How to solve this in a mathematical way

Dr.Peterson

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What "non-mathematical" way have you tried? You may be expecting something unrealistic.

It's perfectly "mathematical" to just think logically, without following a routine "method". Show us your thoughts, and we may tell you you're doing it in the best possible way. (I can think of several approaches that are equally good, so I don't want to just give you a method that may not be natural for you.)
 

MethMath11

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Mar 29, 2019
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I
What "non-mathematical" way have you tried? You may be expecting something unrealistic.

It's perfectly "mathematical" to just think logically, without following a routine "method". Show us your thoughts, and we may tell you you're doing it in the best possible way. (I can think of several approaches that are equally good, so I don't want to just give you a method that may not be natural for you.)
Well, I tried every option and see if it fits the equation, it took me approximately 5 min to get the answer, so I was hoping to get a mathematical way to solve it so if there's something like this in my test soon, I could use a mathematical way rather than a guessing game
 

pka

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Well, I tried every option and see if it fits the equation, it took me approximately 5 min to get the answer, so I was hoping to get a mathematical way to solve it so if there's something like this in my test soon, I could use a mathematical way rather than a guessing game .
I would almost always advise students to look to comparisons to zero.
Do you see that the question is equivalent to \(\displaystyle (a-3)x<b-2~?\)
Because \(\displaystyle x<0\) we see at once that \(\displaystyle a>3\) must be the case. Now the inequality is strict so \(\displaystyle a\ne 3\), thus the cases are fewer.
 

ksdhart2

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Mar 25, 2016
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Here's the way I solved it, although I discovered in doing so that two of the answer choices are correct, so that's annoying. Begin with the given inequality and isolate the terms a bit:

\(ax + 2 < 3x + b\)
\(ax - 3x + 2 - 2 < 3x - 3x + b - 2\)
\((a - 3)x < b - 2\)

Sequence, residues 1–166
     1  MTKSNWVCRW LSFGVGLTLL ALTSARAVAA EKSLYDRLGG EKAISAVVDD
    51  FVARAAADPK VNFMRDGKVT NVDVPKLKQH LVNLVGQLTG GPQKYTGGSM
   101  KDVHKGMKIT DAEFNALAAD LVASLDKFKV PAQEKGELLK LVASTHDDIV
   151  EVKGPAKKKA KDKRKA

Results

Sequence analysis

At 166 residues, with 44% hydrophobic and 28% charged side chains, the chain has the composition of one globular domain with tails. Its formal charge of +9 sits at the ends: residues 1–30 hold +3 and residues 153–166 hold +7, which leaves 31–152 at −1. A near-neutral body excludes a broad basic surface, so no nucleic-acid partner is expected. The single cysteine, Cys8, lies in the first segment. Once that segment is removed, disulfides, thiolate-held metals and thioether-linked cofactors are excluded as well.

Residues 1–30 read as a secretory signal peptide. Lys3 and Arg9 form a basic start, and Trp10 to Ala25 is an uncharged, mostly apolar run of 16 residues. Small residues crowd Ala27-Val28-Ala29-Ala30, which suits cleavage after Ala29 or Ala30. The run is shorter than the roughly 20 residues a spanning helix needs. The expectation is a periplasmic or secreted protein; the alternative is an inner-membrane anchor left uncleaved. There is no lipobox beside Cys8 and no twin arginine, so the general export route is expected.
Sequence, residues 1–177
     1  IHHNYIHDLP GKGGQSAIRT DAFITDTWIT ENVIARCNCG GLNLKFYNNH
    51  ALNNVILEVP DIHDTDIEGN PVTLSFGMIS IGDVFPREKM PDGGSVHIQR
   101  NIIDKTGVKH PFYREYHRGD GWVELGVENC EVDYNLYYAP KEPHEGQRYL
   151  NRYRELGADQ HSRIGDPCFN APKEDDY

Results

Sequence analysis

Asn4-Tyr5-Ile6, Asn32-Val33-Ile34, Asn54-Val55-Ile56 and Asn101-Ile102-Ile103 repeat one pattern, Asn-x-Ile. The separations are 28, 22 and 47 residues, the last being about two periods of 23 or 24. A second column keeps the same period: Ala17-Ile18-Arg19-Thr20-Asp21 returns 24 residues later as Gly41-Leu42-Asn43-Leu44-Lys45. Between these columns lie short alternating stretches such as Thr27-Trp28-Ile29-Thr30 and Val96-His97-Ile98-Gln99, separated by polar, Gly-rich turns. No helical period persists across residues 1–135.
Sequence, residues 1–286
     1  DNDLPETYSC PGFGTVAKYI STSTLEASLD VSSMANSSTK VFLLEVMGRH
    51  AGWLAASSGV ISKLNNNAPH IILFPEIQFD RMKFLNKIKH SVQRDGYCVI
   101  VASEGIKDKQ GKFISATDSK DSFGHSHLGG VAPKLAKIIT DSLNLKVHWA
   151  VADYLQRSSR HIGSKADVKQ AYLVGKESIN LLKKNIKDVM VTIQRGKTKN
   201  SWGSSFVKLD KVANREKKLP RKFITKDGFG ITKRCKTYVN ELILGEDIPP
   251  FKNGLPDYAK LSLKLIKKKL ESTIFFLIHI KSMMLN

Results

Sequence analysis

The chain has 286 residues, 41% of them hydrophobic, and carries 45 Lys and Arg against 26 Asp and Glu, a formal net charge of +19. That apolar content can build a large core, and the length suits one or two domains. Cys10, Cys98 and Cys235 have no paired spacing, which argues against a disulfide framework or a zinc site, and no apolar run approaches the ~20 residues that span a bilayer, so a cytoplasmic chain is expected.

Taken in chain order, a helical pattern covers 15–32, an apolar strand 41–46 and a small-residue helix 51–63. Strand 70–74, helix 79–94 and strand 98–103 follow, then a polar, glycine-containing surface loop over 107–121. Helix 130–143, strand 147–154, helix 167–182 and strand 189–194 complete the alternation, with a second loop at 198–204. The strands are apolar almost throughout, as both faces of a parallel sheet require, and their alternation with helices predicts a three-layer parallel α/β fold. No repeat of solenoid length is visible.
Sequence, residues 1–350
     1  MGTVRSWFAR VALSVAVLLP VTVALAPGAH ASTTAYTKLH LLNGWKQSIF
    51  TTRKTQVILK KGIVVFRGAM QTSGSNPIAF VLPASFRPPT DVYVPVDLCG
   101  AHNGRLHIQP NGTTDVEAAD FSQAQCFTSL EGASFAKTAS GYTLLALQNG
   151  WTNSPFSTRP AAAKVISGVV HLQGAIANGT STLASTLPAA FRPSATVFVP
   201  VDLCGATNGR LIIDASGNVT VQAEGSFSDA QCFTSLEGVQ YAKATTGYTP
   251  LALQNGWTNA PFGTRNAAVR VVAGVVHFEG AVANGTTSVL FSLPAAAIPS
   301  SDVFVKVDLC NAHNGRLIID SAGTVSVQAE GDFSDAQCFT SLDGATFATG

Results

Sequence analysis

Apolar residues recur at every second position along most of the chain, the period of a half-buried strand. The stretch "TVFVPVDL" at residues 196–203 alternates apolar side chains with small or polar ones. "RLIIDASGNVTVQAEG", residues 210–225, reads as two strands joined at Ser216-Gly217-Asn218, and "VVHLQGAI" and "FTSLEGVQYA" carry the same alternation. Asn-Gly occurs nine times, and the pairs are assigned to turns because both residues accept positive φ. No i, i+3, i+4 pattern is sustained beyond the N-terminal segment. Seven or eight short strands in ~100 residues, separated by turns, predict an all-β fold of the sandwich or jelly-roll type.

Next we'll consider two cases. If \(a > 3\) then \(a - 3 > 0\) and dividing by that quantity will not change the direction of the inequality:

\(\displaystyle x < \frac{b - 2}{a - 3}\)

Now let's make a sign argument. We're given that \(x < 0\) so we really have:

\(\displaystyle \text{(negative)} < \frac{b - 2}{\text{(positive)}}\)

The only way for this to be true for every negative number is if \(b - 2 \ge 0\) (why?), so that gives us one possible solution \(a > 3, \: b \ge 2\). This doesn't exactly match one of the given answer choices, but it does imply that answer choice (a) is valid (why?).

Going back a step, we can consider another case. If \(a < 3\) then \(a - 3 < 0\) and dividing by that quantity will change the direction of the inequality:

\(\displaystyle x > \frac{b - 2}{a - 3}\)

Making our sign argument again:

\(\displaystyle \text{(negative)} > \frac{b - 2}{\text{(negative)}}\)

From this we can see that \(b > 2\) is a requirement, but we can also see that the right-hand side of the inequality will always be some fixed number, and there's no possible way we can guarantee that every negative number will be greater than some fixed negative number (why?). Therefore, we can conclude that if \(a < 3\) there is no solution.

Finally, we can consider the last case. If \(a = 3\) then \(a - 3 = 0\) and we cannot divide by that quantity. However, we can see that the inequality then becomes:

\(0 < b - 2\)

And this is true so long as \(b - 2 > 0 \implies b > 2\). This gives us another possible solution \(a = 3, \: b > 2\) which is answer choice (e).

Edit: Whoops! I made a sign error of my own. I've fixed this now, and also inserted a caveat to make my meaning more explicit. Sorry about any confusion this may have caused.
 
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Dr.Peterson

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My thinking closely parallels ksdhart2, but focused on the graph.

Consider the line y = (a-3)x - (b-2). We want this to be below the x-axis for all x<0. So either the slope has to be positive and the y-intercept non-positive, or the slope could be zero and the y-intercept negative. These lead to answers A (and more) and E respectively. Less formal, but quicker to work through, I think.

@MethMath11, what solution did you get? And what topics have you been learning that might suggest what method is expected?

EDIT: I made some small corrections in the conditions.
 
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